Guys and Dolls holds a sense of excitement that comes only from the player’s constant gambles and risks. Through Tinnel’s performance as Sky Masterson, he plays that has won all bets he’s made, so taking the bet of taking a doll to Cuba, He ends up having to take Sarah Brown, and Adrienne Shields does a justice to her character by putting all her religious walls, only to finally give in to Sky’s request. However, the biggest gambles are made John Mcguire Character, Nathan Detroit, who plays a smooth, sly engaged man, trying to escape from owing anybody anything, and thus, creates a train of consequences that follows him after every gamble he makes. One of these gambles is hiding the fact he’s been arranging gambling games behind his fiancé’s back, but he’s not the only that is hiding something. Abby Hughes plays a preppy and peppy Miss Adelaide who only wants to be married and become a housewife. Her laments and constant reminders to Nathan assure that she has had enough with Nathan’s timing, so to push him, she tells her mother that they’re already engaged! Even this, Nathan is too focused on games to plan a wedding, just like how Sarah Brown is so focused on her missionary, that she agrees to be taken on a date with Sky, only if Sky agrees to bring in a dozen sinners to her prayer meeting. As each character takes a risk, the story enriches and provides an exciting ride that does let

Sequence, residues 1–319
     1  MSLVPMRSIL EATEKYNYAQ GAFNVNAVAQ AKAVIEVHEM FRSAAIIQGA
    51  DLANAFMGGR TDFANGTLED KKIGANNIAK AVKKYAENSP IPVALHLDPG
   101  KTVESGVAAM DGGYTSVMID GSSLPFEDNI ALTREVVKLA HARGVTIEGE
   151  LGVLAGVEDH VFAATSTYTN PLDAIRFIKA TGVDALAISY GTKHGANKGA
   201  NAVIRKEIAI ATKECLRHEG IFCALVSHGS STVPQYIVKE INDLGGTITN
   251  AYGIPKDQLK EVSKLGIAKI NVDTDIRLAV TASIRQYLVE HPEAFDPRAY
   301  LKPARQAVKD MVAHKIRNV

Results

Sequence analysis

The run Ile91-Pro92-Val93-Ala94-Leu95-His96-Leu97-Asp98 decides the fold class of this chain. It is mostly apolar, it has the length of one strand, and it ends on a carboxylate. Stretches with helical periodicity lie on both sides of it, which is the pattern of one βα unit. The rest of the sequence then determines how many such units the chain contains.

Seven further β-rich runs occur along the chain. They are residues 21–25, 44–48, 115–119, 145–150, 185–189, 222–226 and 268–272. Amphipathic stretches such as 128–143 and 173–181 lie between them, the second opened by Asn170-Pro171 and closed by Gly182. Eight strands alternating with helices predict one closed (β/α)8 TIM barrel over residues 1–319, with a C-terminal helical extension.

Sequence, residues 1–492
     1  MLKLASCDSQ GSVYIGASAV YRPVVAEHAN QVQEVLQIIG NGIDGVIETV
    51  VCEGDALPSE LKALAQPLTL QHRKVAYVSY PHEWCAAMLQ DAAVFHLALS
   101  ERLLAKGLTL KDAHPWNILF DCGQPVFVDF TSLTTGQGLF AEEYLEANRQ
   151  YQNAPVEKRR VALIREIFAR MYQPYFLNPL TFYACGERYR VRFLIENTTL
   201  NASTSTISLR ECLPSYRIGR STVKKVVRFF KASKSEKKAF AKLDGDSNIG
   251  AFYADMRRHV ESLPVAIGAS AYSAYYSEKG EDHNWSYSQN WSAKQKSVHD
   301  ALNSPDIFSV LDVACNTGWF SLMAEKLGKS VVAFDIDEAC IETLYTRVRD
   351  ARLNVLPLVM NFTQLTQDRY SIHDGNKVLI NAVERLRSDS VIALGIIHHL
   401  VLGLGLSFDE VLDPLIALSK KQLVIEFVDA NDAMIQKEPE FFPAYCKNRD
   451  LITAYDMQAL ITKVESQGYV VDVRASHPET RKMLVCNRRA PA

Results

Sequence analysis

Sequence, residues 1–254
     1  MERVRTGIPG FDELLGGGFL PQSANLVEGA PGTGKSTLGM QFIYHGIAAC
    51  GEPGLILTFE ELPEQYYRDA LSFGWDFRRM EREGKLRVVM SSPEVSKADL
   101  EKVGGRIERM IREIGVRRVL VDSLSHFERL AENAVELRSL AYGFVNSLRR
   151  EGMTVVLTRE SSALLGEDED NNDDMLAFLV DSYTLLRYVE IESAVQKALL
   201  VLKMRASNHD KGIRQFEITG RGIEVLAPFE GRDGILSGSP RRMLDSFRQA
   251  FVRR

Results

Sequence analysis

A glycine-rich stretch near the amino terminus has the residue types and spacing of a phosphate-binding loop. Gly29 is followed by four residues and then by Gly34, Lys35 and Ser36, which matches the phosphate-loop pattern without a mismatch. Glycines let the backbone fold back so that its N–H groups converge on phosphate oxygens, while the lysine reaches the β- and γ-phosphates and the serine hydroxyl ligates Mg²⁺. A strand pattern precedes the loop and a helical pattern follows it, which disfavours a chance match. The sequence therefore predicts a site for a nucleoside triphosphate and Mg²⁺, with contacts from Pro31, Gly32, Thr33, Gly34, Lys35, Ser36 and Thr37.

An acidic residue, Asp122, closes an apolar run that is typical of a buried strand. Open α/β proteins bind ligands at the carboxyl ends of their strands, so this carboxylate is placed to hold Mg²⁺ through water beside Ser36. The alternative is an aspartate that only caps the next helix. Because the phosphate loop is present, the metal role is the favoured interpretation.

In the play’s time era, the biggest thing that sold was romances that had women always falling for their complete opposites. Sarah Brown, for example, is a steadfast lady that has her heart set in the laws and missions of Biblical scripture. If anything seems remotely close to sin, it is so and she insists repentance to occur immediately. Her opposite, is Sky Masterson, a man whose life has been based on his ability to win any given bet, from small simple bets to the craziest bets that would be betting all odds against him. He, of course, takes chances, lives life as it comes, and makes sure he gets the outcome he wants. So, when Sky is making a bet with Nathan that he couldn’t take Sarah out on a day within a 72-hour range, Sky takes on the bet. With time and patience, Sarah is wooed away from her religious ways to take a chance with Sky. Again, with a bit of time and perseverance, anything is possible, even wooing a difficult woman. However, in Sky and Sarah’s case, it is not that Sky forced a relationship, rather, he just did what he could to make sure a bet is won.